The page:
AJFCA Member Login




Menu
Donate
Trends

As the general elections approach on November 4th, there is increased scrutiny over the activities of charitable organizations. While we encourage relevant policy questions of elected officials and those seeking office, there are distinct lines in which we may not cross. This memo offers guidance from The Jewish Federations of North America. Please contact Shelley Rood if you have any questions.

Domestic Violence Awareness Month evolved from the first Day of Unity observed in October, 1981 by the National Coalition Against Domestic Violence. The intent was to connect battered women's advocates across the nation who were working to end violence against women and their children. Click here to view a compilation of AJFCA member agency domestic violence professionals' original publications addressing domestic violence in their communities in an effort to raise awareness of this devastating epidemic.

A subtle vibe of negativity can spoil an otherwise effective workplace. I've seen this impact even the most capable of teams. The dynamic can bring a group of talented contributors to a slowed, encumbered pace. The team becomes snagged on issues that fail to drive performance — and the collective energy of the group fractures and dissipates. We might feel that we personally lack the resources to affect levels of happiness in our workplace. However, we have more ability to do so than we might have previously acknowledged. Research has shown the inherent power of a positive mind set has far-reaching potential to enhance not only psychological well-being — but the achievement of valued workplace outcomes.

Positive psychology explores, and attempts to capture what is "right" within our lives. It shifts the emphasis to experiences that help us build a positive foundation, so we can meet issues and challenges. The psychological resources of hope, self-efficacy, resilience and optimism (Think HERO), can influence how we approach our daily work lives. These resources — which together form the construct of psychological capital — can be integral in affecting our behavior.

As managers, team leaders or individual contributors, taking an active role to encourage a more positive workplace can prove to be a worthy investment. Take a moment to take stock of your own psychological resources and those of others around you. Do you feel capable of meeting the demands of your work life? Do you feel the team possess the tools to meet the challenges that lay before you at work? Does the group feel confident and hopeful? What needs to change to create a more positive environment?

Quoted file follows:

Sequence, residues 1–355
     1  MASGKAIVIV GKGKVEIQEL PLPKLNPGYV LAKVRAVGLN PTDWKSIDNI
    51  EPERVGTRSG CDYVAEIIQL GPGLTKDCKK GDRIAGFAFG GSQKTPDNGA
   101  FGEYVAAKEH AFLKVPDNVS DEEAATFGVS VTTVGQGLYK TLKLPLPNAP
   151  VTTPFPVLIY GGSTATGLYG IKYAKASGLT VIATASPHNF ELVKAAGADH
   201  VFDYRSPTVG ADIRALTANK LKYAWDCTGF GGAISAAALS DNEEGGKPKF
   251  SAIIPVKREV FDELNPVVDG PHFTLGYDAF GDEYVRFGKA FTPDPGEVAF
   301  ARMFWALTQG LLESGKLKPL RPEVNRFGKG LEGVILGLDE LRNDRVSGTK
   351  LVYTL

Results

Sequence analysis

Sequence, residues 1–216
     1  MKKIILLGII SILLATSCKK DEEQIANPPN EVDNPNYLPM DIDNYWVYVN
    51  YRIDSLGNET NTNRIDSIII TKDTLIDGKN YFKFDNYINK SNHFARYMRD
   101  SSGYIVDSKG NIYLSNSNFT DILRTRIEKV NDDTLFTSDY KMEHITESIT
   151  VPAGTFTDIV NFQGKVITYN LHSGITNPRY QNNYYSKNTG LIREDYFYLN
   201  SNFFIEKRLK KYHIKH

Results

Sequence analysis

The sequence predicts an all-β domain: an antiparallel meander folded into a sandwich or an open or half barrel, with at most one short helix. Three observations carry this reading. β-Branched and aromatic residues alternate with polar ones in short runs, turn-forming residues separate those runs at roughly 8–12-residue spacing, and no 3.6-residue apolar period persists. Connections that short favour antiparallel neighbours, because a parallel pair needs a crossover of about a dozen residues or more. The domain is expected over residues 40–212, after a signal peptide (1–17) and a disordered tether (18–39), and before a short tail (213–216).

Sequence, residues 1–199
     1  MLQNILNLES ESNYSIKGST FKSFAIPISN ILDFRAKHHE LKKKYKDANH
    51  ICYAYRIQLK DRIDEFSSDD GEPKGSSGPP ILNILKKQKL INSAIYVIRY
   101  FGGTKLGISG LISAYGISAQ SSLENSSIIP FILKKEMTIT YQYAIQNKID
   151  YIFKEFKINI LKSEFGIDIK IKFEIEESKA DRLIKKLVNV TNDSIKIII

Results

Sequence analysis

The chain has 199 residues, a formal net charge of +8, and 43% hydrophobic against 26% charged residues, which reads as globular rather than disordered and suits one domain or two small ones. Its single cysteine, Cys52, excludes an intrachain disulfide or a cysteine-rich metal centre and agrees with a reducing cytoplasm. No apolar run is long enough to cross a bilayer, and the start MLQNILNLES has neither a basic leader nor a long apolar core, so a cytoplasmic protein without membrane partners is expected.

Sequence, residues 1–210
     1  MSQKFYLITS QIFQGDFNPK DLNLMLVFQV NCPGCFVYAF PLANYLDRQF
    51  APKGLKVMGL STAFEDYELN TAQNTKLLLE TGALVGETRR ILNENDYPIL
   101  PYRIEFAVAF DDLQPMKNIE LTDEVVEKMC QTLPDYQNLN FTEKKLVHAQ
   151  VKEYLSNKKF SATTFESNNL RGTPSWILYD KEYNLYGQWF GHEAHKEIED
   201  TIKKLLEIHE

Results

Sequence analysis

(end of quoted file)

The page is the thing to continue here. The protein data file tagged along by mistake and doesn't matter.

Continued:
A few ideas to encourage a more positive workplace. (These are simple — yet in practice, we often need a reminder.):

Express gratitude. Recognizing others for their contribution is a powerful resource builder. I've seen talented contributors who were tempted to leave an organization, simply because they misjudged their own value. Routinely expressing gratitude can set a powerful and positive tone of deep respect. Remember that two simple words —"thank you"— can have a long-standing effect on work-life happiness.

Take every opportunity to align work with strengths. Utilizing our strengths in the workplace is key to building confidence. This involves routine discussions with your team members, to evaluate if their skills are being tapped. For yourself, make every attempt to incorporate the areas in which you excel, into everyday work life. When weaknesses take center stage — work life can become a miserable experience.

Value the work of others. You may not agree with every idea or plan presented, however respecting what others bring to the table is key. We all work hard to make a difference — try not to rob others of the feeling of satisfaction that comes with contributing.

Communicate, even when it is challenging. Next to public speaking, engaging someone in a difficult conversation, is likely one of our greatest workplaces fears. However, happy workplaces rely on open, diplomatic conversations. So, if you are hesitating to share something important or you are avoiding conflict — think twice before sweeping it under the carpet. (A few ideas for that here.)

Emphasize feedback. Offering (and seeking out) honest feedback is critical to our work lives. However, we must remember that we differ in terms of our feedback requirements and capability to both absorb (and apply) the information. Be cognizant of the individual differences among team members.

Bring balance to the negatives. As human beings, we have the tendency to dwell on negative information (quite possibly an evolutionary byproduct). Often we find ourselves obsessing about a goal we didn't fulfill — or a relationship that is strained. Build resilience by refocusing your energy on successes, when you feel disappointment or stress.

Practice "flexible" thinking. When considering a new challenge, be sure to explore potential obstacles and generate alternative pathways to effectively manage them. This exercise builds feelings of efficacy in the face of an unexpected turn of events—a common occurrence in our work lives.

Acknowledge the small steps that lead to successes. Often we focus on lofty, larger goals that may take an extended amount of time to accomplish. Identify and celebrate incremental goals along the way, to help bolster energy levels and maintain focus.

How do you create a positive work environment at your place of business? Share your strategies here.

How to Build a More Positive Workplace, September 9, 2014, LinkIn, by Dr. Marla Gottschalk